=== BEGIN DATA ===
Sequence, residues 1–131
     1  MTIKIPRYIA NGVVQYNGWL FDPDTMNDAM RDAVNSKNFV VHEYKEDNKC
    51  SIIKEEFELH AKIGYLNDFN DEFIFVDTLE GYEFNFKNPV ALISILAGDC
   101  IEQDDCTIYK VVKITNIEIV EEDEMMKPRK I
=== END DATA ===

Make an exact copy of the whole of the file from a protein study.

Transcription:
Sequence, residues 1–131
     1  MTIKIPRYIA NGVVQYNGWL FDPDTMNDAM RDAVNSKNFV VHEYKEDNKC
    51  SIIKEEFELH AKIGYLNDFN DEFIFVDTLE GYEFNFKNPV ALISILAGDC
   101  IEQDDCTIYK VVKITNIEIV EEDEMMKPRK I